Leesburg in Loudoun County, Virginia — The American South (Mid-Atlantic)
Saving the Declaration of Independence / The War of 1812
Saving the Declaration of Independence.
On 22 Aug. 1814, two days before British forces entered Washington, Sec. of State James Monroe ordered government records, including the Declaration of Independence, removed to Virginia for safekeeping. They were first deposited in an abandoned mill just across the Potomac River. State Department clerk Stephen Pleasonton, believing the documents still in danger of discovery, sent them 35 miles west to Leesburg. They were secured south of town at the nearby Rokeby mansion, probably in its brick vault. The Declaration, the papers of the Continental Congress, and other historical government records remained here for several weeks until they were returned to Washington.
The War of 1812.
Impressment of Americans into British service and the violation of American ships were among the causes of America's War of 1812 with the British, which lasted until 1815. Beginning in 1813, Virginians suffered from a British naval blockade of the Chesapeake Bay and from British troops plundering the countryside by the Bay and along the James, Rappahannock, and Potomac Rivers. The Virginia militia deflected a British attempt to take Norfolk in 1813 and engaged British forces throughout the war. By the end of the war, more than 2,000 enslaved African Americans in Virginia had gained their
Erected 2013 by Department of Historic Resources. (Marker Number T-56.)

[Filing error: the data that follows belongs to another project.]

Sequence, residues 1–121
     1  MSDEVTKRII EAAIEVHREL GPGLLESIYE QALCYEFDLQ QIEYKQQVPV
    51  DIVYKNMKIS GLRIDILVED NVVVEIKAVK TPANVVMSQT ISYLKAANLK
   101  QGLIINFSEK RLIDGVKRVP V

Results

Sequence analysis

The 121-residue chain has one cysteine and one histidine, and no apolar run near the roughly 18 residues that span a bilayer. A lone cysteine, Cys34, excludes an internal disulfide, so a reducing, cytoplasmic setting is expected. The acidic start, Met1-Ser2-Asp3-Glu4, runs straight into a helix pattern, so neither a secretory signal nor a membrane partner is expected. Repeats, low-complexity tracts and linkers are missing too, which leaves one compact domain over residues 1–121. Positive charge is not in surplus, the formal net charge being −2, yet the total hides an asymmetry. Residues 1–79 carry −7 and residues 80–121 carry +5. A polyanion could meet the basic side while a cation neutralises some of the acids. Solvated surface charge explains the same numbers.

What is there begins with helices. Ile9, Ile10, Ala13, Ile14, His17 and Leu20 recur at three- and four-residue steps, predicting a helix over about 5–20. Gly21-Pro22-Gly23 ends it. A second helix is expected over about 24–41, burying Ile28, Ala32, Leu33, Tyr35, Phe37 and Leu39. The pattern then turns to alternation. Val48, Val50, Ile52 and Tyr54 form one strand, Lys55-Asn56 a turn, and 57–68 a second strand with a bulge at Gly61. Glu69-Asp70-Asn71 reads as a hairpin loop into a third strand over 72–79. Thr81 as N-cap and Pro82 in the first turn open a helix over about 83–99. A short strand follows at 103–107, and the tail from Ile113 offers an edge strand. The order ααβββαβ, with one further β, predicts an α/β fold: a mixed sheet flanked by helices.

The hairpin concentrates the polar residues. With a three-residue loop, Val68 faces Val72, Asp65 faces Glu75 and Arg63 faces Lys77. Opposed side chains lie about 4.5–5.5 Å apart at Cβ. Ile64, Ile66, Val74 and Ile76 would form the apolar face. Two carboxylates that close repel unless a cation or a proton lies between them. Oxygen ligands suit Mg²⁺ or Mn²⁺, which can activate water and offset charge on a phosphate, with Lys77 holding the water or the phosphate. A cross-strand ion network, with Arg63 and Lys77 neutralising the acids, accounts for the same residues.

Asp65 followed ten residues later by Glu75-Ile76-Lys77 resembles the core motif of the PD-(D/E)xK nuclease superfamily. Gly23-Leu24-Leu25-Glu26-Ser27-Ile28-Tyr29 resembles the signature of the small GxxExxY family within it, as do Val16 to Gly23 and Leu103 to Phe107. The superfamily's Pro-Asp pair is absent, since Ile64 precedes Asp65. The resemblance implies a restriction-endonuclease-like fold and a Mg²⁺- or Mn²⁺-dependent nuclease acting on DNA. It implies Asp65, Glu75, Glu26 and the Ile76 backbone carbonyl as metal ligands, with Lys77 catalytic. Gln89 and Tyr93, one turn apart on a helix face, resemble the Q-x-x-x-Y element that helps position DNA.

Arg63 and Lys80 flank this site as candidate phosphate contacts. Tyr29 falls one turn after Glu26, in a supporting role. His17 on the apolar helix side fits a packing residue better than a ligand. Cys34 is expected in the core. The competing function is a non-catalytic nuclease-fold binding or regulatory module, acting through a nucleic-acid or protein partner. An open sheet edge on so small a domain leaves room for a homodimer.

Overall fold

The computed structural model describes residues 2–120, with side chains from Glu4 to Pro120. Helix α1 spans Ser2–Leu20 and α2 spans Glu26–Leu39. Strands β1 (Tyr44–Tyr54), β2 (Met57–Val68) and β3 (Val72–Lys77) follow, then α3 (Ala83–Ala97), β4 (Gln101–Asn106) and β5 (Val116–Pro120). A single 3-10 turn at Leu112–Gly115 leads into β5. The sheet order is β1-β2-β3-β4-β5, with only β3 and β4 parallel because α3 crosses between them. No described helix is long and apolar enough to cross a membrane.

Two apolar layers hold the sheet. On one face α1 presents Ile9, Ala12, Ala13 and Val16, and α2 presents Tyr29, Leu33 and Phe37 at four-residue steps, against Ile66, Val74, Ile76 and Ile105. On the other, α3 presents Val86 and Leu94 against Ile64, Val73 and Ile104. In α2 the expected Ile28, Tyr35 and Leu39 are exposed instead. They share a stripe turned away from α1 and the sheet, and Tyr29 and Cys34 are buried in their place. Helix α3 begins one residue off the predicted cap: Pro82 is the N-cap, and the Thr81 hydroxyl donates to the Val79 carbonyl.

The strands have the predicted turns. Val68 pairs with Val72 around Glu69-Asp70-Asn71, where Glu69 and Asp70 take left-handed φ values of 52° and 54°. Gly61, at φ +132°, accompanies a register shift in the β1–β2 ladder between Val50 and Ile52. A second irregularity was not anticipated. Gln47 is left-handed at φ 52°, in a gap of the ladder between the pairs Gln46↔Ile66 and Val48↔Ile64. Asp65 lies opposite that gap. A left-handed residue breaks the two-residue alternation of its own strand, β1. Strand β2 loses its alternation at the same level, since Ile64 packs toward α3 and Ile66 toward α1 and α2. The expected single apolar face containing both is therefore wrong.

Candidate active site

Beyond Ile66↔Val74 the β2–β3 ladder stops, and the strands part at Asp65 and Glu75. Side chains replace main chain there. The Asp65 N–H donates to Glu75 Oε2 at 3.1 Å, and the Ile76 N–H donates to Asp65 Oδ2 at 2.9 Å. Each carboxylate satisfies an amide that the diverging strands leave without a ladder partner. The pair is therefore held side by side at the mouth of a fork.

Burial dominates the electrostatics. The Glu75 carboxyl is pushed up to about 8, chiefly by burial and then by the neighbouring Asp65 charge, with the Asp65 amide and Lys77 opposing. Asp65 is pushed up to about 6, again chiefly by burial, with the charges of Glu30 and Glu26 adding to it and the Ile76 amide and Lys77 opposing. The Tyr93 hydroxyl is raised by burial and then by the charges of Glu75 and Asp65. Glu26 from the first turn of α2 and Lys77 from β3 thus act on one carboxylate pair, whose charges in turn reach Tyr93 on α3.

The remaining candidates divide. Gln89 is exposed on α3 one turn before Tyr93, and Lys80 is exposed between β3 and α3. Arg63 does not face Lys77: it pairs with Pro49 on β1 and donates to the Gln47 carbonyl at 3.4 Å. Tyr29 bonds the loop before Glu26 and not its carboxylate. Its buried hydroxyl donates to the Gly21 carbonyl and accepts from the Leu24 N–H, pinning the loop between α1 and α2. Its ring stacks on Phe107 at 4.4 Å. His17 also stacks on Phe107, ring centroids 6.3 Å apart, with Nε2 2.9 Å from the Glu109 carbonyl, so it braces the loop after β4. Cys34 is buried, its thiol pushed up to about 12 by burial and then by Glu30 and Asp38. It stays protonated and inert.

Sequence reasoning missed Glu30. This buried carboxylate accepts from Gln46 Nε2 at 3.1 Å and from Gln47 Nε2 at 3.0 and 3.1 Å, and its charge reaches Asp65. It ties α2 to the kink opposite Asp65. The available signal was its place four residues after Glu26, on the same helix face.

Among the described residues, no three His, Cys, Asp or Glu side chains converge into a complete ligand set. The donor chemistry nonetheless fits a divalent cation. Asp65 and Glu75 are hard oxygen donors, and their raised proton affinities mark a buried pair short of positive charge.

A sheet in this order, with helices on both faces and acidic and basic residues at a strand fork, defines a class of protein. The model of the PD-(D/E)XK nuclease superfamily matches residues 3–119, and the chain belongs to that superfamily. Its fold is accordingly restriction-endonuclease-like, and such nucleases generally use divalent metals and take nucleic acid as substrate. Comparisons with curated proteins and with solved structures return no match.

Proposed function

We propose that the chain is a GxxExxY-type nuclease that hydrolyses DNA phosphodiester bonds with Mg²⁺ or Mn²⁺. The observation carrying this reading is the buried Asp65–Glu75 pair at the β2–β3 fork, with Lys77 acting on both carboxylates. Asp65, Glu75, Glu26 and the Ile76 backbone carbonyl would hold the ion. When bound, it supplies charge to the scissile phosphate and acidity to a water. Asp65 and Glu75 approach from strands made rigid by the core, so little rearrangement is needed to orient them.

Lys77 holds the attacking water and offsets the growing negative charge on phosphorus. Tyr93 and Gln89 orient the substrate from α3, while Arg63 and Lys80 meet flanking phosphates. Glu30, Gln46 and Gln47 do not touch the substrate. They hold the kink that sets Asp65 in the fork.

Location. 39° 5.191′ N, 77° 35.271′ W. Marker is in Leesburg, Virginia, in Loudoun County. Marker is at the intersection of South King Street (U.S. 15) and Masons Lane (County Route 654), on the right when traveling north on South King Street. Touch for map. Marker is in this post office area: Leesburg VA 20175, United States of America.
Other nearby markers. At least 8 other markers are within 3 miles of this marker, measured as the crow flies. Electric Trains on the W&OD (approx. 1.8 miles away); The Great Falls Line (approx. 1.8 miles away); Leesburg Passenger Station (approx. 2.1 miles away); Leesburg Freight Station (approx. 2.1 miles away); The Lost Locomotive (approx. 2.1 miles away); The Leesburg Lime Company (approx. 2.1 miles away); Norman-Harding Barn (approx. 2.2 miles away); Log House (approx. 2.2 miles away). Touch for a list and map of all markers in Leesburg.
Also see . . .
1. Rokeby Mansion NRHP Nomination Form (PDF). Provides details of the historic property, which is privately owned and not open to the public. (Submitted on November 9, 2015, by Craig Swain of Leesburg, Virginia.)
2. Wikipedia Entry for Stephen Pleasonton. “With the War of 1812 (Submitted on July 1, 2016.)
Categories. • War of 1812 •
Credits. This page was last revised on July 1, 2016. This page originally submitted on November 9, 2015, by Craig Swain of Leesburg, Virginia. This page has been viewed 472 times since then and 104 times this year. Photos: 1, 2, 3. submitted on November 9, 2015, by Craig Swain of Leesburg, Virginia. 4. submitted on July 1, 2016, by J. J. Prats of Springfield, Virginia.